The fix is unsatisfying: use Emacs copy mode, and remap keys, because for some reason Emacs copy mode does not include the extra newline (on Tmux 2.8, anyways):

set-window -g mode-keys emacs

# Make emacs mode more like vi
bind-key -T copy-mode '$' send-keys -X end-of-line
bind-key -T copy-mode ^ send-keys -X back-to-indentation
bind-key -T copy-mode q send-keys -X cancel

If you use more sophisticated copy-and-pasting than I do you can map more of the commands to Emacs mode.

Startup Config

When I start GNU Screen I like to have some standard windows always running (my email, some windows for Watcamp data entry, a few text files). Tmux supports this functionality, but you had better not put it in the main tmux-config.conf file, because every time you load that file you will recreate your startup windows. So instead I have a second config file called tmux-init.conf. Here is a simplified version of that file:

source-file ~/bin/tmux-config.conf

new-session -A -s "+stable" -n "Yahoo Mutt" mutt
new-window -n "UW Mutt" uwmutt

new-window -n "todo" /usr/bin/vim /home/pnijjar/todo/todo.txt
new-window -n "/usr/bin/newsboat" newsboat 

new-window -n "kwlug" /usr/bin/w3m
select-window -t "+stable:0"

The first thing the file does is source the keybindings file. Then it starts making new windows. First it creates a session called "+stable" running mutt. At first I was trying to do this in two steps:

new-session -A -s "+stable" 
new-window -n "Yahoo Mutt" mutt

but then there would always be a blank window at position 0.

The name is "+stable" because "+" comes earlier than any number or letter in the ASCII table, so will show up first in choose-tree.

Note that to launch vim and w3m I specify the full paths. This is so that I am not using the symlinked versions in ~/bin, which messes up the window titles in frustrating ways (a bunch of titles shift down to the next window!)

For some reason Tmux cares about sessions a lot, so I explicitly made a named session called "+stable" for the windows I want on startup. (A bunch of other windows end up there too. Oh wells.)

The -A of attach-session means "attach to an existing session called +stable if there is one." This should never happen, I think.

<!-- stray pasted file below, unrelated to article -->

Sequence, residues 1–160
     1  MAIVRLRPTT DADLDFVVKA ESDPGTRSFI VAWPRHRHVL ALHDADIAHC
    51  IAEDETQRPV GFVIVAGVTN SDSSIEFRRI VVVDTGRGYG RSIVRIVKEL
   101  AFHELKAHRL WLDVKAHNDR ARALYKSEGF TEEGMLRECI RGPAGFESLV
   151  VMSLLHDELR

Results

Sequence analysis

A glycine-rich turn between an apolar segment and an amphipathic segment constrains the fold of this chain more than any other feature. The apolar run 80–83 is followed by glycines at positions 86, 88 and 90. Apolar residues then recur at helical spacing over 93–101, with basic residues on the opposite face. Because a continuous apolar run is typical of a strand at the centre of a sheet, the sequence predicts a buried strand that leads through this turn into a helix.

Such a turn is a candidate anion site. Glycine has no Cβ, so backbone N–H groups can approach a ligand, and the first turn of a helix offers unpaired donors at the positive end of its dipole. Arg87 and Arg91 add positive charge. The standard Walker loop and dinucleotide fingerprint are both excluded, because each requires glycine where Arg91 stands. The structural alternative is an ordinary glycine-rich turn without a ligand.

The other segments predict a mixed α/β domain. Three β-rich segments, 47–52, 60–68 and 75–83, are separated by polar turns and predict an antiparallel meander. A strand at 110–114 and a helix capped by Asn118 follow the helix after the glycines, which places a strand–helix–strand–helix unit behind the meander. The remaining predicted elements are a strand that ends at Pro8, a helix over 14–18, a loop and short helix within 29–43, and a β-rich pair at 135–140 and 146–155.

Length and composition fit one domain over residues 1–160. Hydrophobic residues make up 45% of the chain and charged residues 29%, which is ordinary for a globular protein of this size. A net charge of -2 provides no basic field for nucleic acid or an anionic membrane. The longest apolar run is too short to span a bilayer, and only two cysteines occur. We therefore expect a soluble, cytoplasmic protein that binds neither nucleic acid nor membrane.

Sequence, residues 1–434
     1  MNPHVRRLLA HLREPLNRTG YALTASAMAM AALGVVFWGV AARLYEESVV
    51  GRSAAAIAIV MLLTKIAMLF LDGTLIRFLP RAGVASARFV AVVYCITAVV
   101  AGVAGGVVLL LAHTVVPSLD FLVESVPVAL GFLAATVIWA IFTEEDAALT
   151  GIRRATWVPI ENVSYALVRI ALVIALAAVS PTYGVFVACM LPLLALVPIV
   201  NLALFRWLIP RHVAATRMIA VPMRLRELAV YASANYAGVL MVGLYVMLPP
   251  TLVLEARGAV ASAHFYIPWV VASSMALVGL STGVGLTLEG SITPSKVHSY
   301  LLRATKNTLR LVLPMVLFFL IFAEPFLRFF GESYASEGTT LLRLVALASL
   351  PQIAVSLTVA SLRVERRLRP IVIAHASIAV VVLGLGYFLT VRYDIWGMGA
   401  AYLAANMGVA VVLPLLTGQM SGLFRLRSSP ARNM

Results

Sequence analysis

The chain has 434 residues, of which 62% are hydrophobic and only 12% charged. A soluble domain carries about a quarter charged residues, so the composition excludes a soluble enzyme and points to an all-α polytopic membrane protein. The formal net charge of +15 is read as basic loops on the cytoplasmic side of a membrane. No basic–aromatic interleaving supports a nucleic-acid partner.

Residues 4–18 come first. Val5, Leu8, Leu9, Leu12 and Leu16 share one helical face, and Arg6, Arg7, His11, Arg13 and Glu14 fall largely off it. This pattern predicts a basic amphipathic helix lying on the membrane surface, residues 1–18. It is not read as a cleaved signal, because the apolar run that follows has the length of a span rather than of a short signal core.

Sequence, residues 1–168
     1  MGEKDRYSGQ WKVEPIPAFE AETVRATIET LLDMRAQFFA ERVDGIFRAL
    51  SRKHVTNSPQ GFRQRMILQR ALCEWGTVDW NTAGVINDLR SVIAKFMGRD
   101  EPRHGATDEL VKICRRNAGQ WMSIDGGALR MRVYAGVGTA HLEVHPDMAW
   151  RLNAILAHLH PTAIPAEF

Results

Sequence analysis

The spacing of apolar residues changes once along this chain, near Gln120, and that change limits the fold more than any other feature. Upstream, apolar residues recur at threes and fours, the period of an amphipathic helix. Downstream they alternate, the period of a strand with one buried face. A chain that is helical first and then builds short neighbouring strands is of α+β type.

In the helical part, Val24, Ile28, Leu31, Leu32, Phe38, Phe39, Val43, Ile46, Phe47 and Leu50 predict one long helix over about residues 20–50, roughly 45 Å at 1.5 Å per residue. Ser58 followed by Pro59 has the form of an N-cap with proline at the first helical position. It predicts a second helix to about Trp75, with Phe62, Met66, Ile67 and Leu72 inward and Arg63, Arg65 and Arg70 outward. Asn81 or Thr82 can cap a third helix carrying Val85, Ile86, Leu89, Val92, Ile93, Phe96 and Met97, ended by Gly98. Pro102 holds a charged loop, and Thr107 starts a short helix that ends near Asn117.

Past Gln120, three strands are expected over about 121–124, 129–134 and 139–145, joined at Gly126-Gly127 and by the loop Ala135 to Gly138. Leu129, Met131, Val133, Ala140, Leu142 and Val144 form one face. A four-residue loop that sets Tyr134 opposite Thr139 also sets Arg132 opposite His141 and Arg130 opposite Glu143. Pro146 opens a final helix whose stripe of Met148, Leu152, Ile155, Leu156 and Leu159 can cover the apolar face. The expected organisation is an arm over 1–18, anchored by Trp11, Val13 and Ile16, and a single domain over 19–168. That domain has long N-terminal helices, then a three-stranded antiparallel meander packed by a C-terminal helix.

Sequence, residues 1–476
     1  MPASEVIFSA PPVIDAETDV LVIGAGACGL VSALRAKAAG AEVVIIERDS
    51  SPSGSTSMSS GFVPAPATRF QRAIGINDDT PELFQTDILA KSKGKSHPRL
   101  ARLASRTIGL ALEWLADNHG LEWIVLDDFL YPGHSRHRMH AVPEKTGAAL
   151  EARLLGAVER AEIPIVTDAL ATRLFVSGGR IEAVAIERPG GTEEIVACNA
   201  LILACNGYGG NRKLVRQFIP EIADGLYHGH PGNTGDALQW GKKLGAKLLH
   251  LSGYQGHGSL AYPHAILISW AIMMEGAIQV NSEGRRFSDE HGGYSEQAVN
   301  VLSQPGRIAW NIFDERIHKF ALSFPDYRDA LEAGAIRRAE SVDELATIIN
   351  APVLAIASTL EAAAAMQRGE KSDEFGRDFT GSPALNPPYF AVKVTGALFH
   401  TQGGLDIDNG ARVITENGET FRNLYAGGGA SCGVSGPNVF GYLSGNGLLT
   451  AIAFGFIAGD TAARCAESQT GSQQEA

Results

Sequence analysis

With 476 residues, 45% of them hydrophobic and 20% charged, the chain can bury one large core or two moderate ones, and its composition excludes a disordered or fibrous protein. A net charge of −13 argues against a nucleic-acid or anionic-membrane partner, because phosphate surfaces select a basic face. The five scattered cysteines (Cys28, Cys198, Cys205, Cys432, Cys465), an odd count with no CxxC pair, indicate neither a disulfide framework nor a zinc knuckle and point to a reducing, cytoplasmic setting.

As previously hinted, it turns out that I press <ctrl>-a 0 to get to my email, so I have a keybinding in tmux-config.conf for this:

# Go to mail
unbind-key 0
bind-key 0 switch-client -t +stable \; select-window -t +stable:0

This is a bit complicated because I might have many sessions open, but I have learned that when I type <ctrl>-a 0 I always want to go to my mail in the "+stable" session. So this keybinding first switches to that session, and then goes to window 0, which is hopefully my email.

I also made two shell scripts that launch Tmux. The first script launches with my initial windows:


tmux -f ~/bin/tmux-init.conf

and the second script just starts a plain session:


tmux -f ~/bin/tmux-config.conf

Naming Root Windows

When I use sudo to become root then I want that to show up in the screen title along with the current path of the root user, but I am not sure how to do this. In GNU Screen I had root overwrite $PS1, and then used the value of $PS1 as the screen title, but I would like to avoid this. I can symlink sudo to, but this is not a complete solution. Update: Using the GNU Screen solution works, but I do not know why. In the /root/.bashrc I have:

# Set the screen title
case $TERM in
        # This is the escape sequence ESC k ESC \

and for some reason the config line in '~/bin/tmux-config.conf`:

set -g automatic-rename-format '#{pane_current_path}'

seems to pick this up? I am not understanding how this happens.

Notable Differences

When starting a new screen Tmux reads from ~/.profile and GNU Screen only looks at ~/.bashrc . I actually like this change.

Because every window can see every session, you run into problems where the Tmux screen is the size of the smallest terminal. On the other hand, being able to access Tmux simultaneously from different terminal sessions is kind of neat.

When using choose-tree to select a window, you get a preview of the window contents. This is okay by me, but you can disable the preview if you want.

Misfeatures and Failures

The muscle memory failures for copy and pasting bugs me.

Tmux seems to leak a lot more information than GNU Screen. For example, there is an extensive copy buffer history.

The navigation screen for commands <ctrl>-a ? is awful. You have to use page up and page down to navigate -- pressing the space bar just exits the listing.